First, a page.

Port costs

As we already know, the root path cost for each active port of a switch is determined by the cost accumulated as a BPDU travels along the network. By default, STP assigns costs to ports based on their bandwidth, but the cost can be modified to choose or manipulate the topology for one or more vlans.

Let’s use the following command on a switch interface to modify the cost of a port:

Switch (config-if)# spanning-tree [ vlan vlan-id] cost valor_costo


Change the cost for vlan 10 port g0/1.

Switch(config)# interface g0/1
Switch(config-if)# spanning-tree vlan 10 cost 2

If the vlan parameter is provided, the port cost is modified only for the specified VLAN. Otherwise, the cost is modified for all active VLANs on the port. The cost value can vary from 1 to 200,000,000.

Command to validate the cost of a port:

Switch# show spanning-tree interface type member/module/number [cost]

Port priority

The port priority is a final criterion for determining the lowest path through STP. The port priority is a 16-bit value: 8 bits for the priority and 8 bits for the port number. The port priority ranges from 0 to 255; the default is 128.

The port number of a switch port is fixed because it is based only on its location or hardware index. However, the port ID can be modified to influence an STP decision by using the port priority.

We can configure the port priority with this configuration command on the interface:

Switch(config-if)# spanning-tree [ vlan vlan-list] port-priority Value

You can change the port priority for one or more VLANs using the vlan parameter. The VLAN numbers are given as vlan-list, a list of individual values or ranges of values separated by commas. If no vlan is specified, the port priority is set to all active VLANs. A lower port priority value indicates a preferred path to the root bridge.

Example: Changing the port priority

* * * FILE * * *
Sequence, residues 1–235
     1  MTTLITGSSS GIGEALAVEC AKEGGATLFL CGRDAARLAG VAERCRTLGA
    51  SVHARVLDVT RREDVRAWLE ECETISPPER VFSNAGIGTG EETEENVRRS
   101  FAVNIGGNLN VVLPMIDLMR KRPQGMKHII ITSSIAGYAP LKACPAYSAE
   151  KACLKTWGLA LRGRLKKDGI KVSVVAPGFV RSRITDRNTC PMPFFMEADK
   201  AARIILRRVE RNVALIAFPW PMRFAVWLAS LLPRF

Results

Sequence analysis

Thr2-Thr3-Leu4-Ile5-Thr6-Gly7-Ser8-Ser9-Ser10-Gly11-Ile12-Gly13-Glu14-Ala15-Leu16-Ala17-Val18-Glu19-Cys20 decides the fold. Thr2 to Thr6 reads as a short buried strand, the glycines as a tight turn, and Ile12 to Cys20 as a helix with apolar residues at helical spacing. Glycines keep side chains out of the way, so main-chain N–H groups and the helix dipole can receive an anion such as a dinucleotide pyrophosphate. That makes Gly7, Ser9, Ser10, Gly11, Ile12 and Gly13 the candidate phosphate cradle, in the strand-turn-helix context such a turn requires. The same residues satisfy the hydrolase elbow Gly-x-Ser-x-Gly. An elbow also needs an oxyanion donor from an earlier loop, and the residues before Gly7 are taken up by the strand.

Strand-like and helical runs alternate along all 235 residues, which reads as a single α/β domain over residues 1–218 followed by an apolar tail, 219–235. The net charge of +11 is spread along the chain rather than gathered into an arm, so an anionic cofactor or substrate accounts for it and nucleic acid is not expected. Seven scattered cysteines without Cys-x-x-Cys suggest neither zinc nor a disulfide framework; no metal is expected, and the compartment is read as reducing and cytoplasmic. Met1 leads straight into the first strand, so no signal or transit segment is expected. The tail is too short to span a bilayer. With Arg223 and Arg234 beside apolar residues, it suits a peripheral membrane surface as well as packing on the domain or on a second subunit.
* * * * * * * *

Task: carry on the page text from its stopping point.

Switch(config)# interface gigabitethernet g1/1
Switch(config-if)# spanning-tree vlan 10,20 port-priority 32

Validation of port priority:

Switch# show spanning-tree interface g1/1

Modify STP timers

The default STP timers are usually sufficient to keep a network free of loops. However, on certain occasions and after a thorough review of the STP operation, they will likely need to be modified.

The command to modify the timers is as follows:

Switch(config)# spanning-tree [ vlan vlan-id] hello-time seconds
Switch(config)# spanning-tree [ vlan vlan-id] forward-time seconds
Switch(config)# spanning-tree [vlan vlan-id] max-age seconds

The timers can be modified for one or more vlans. If no vlan is specified, the command will apply to all STP instances of the active vlans on the switch.

Disable STP

By default, STP is enabled for all active VLANs and on all ports of a switch. STP must remain enabled on a network to prevent loops from forming. However, you may find that STP has been disabled in some way.

You can enable or disable STP instances for one or more vlans globally from the global configuration:

Switch (config) # [no] spanning-tree vlan vlan-id

Or it can be applied only to an interface:

Switch (config-if) # [no] spanning-tree vlan vlan-id

For more information: